This is quite a story and I am sure will be coming before the next election(Read More)
A few days ago we noted that, much as we like Republican House Budget Chairman Paul Ryan and some of the ideas in his budget, such as new private options for Medicare and a simplified Tax Code, for many reasons his proposed budget fails the test of conservative government.
The Ryan budget passed the House 228-191 on Thursday, but we doubt the present House Republican leaders have the political will, let alone commitment to conservative principles, to make it work.
The Republican Study Committee (RSC) Cut, Cap and Balance budget is a much better approach
The last paragraph of this story should be implemented by the members of the House Republicans (Read More)
Limbaugh beats his critics(Read More)
There’s a lot to like about Paul Ryan’s budget proposal. It cuts some spending. It flattens the tax code down to just two individual marginal tax rates. It also includes some innovative policies designed to halt the unsustainable growth of health care entitlement spending. However, on balance, the budget is disappointing for fiscal conservatives for two main reasons: It waives the spending restraint that was agreed to in last year’s debt limit deal, and it doesn’t balance the budget until 2040. Broken promises and unbalanced budgets as far as the eye can see are neither good policy nor a good campaign rallying cry(Read More)
Read Para 6. Where does our Congressman stand?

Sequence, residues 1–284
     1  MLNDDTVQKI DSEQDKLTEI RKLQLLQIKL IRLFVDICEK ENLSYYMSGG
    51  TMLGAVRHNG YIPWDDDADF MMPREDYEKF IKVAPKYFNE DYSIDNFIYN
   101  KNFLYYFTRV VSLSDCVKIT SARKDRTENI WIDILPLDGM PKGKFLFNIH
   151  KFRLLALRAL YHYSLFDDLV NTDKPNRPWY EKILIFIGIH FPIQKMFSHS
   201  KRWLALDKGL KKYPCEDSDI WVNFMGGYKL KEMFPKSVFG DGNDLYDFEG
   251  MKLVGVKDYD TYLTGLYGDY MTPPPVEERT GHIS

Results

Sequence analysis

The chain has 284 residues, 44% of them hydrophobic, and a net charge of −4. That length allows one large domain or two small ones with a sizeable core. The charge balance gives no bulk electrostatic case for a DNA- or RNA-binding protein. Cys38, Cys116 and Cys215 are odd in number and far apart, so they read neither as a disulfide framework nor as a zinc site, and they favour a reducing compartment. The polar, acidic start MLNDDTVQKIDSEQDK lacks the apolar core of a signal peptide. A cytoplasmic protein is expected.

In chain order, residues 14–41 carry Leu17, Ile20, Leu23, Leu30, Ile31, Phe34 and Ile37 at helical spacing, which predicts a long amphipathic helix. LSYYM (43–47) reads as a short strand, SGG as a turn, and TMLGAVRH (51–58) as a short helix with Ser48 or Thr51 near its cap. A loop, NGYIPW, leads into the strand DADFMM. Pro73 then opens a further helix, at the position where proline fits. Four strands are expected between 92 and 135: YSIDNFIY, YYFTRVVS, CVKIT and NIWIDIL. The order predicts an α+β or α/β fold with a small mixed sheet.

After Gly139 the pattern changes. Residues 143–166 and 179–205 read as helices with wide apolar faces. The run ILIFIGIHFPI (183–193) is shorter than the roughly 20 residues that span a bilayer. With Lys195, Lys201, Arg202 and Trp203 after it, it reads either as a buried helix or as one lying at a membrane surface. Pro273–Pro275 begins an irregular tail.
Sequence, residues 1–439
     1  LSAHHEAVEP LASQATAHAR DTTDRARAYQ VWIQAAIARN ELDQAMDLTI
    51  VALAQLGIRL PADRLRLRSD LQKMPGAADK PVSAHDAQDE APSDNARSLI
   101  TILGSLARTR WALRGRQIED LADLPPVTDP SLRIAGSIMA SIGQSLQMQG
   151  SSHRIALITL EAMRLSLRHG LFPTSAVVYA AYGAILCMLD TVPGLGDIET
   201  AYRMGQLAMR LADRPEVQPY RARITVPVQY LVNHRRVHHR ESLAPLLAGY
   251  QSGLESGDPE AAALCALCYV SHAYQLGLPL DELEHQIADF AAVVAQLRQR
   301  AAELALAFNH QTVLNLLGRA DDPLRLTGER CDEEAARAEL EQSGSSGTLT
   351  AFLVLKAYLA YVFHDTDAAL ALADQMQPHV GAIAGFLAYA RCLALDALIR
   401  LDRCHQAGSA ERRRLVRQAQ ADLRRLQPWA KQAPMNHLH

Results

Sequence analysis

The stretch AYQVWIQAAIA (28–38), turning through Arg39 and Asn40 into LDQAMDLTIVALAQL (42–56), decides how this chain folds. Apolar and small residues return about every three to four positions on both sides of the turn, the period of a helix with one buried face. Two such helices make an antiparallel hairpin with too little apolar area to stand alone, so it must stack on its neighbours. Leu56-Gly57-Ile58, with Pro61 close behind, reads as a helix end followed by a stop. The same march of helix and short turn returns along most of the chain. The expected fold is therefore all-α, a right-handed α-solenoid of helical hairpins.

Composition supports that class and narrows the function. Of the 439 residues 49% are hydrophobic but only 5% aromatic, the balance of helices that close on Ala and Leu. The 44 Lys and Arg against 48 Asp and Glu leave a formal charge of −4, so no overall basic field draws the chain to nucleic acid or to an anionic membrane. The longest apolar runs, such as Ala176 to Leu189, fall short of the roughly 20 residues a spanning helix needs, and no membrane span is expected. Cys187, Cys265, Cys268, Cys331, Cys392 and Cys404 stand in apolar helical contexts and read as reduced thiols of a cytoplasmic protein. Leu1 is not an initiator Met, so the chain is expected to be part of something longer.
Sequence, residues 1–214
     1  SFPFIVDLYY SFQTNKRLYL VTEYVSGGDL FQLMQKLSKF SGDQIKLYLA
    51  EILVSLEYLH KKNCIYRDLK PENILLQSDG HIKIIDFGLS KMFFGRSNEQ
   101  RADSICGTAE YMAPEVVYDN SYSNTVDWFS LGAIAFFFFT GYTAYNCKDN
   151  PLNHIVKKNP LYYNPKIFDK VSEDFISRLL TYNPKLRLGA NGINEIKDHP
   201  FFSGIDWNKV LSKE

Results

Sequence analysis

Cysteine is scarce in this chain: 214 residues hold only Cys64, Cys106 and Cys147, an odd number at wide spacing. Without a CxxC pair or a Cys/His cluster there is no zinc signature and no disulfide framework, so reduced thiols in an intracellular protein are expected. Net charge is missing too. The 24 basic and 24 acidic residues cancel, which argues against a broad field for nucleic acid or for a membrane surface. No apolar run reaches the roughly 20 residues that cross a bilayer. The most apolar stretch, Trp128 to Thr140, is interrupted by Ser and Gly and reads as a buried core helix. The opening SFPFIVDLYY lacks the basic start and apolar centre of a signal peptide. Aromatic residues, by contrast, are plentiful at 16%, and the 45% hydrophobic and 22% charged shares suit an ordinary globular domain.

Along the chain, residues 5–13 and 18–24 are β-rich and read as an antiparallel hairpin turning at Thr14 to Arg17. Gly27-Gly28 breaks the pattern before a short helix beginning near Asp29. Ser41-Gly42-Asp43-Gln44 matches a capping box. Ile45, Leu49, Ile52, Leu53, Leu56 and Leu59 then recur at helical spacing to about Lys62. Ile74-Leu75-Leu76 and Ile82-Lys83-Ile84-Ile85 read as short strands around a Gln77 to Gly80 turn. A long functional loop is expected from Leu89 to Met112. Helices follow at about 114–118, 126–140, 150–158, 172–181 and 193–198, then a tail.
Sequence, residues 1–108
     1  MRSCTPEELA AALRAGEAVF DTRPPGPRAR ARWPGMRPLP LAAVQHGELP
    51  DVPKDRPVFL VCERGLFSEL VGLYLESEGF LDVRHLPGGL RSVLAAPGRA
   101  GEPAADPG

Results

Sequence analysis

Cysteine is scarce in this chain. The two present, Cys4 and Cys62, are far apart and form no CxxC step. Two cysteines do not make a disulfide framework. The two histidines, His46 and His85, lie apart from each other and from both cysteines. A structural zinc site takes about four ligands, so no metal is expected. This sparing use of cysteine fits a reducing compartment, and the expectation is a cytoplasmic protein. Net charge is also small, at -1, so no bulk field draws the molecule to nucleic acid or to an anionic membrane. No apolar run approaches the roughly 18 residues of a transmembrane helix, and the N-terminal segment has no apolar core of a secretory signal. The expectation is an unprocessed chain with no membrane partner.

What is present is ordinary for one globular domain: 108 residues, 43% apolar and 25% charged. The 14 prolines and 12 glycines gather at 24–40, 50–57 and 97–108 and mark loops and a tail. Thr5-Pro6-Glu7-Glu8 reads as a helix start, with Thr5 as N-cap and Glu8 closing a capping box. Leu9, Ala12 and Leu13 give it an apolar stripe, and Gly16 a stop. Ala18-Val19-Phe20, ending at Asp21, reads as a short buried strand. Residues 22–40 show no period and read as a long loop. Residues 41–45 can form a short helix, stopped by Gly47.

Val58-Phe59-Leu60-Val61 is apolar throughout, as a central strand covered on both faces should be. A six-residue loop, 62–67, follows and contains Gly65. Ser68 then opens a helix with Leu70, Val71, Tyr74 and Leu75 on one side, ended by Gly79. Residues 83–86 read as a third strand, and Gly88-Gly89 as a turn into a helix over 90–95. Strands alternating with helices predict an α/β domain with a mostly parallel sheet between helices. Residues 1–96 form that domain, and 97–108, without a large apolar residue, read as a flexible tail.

Now, folks, the Wall Street Journal today called yesterday “a constitutional awakening.” And at first glance you might say, “Yeah, yeah. Okay.” Because what happened yesterday? What happened yesterday was a bunch of people thought that this was a slam-dunk that it would be declared constitutional, including the mandate. And the court went the way it did during oral arguments and all of the “learned” people were shocked and stunned and couldn’t believe it and sunk into immediate depression. The Wall Street Journal says: Well, we had a “constitutional awakening.” I would beg to differ. The “constitutional awakening” is the Tea Party. The Tea Party was the “constitutional awakening” in 2009 and 2010.
The Tea Party voting in the midterms in 2010, that’s the “constitutional awakening.” The election was a “constitutional awakening.” The fact that we hang by a thread here in the Supreme Court is not a “constitutional awakening.” What this is… And this is my point of the whole show so far. This oral argument — these hearings, whatever you want to call ’em — is evidence of the deterioration of the rule of law in this country. We are hanging by a thread! More than likely we’re hanging by the vote of one man, one Supreme Court justice. I don’t care if it’s Kennedy or whoever. Just the fact that one person out of 311 million decides this? That’s not a “constitutional awakening.” This is evidence of how far we have sunk if you ask me. No, I’m still glad it happened. Don’t misunderstand. I’m just still in a state of shock that we have gotten here. I’m still in a state of utter disbelief that we have arrived at this point.
But we have, and we are here.
So it must be dealt with accordingly.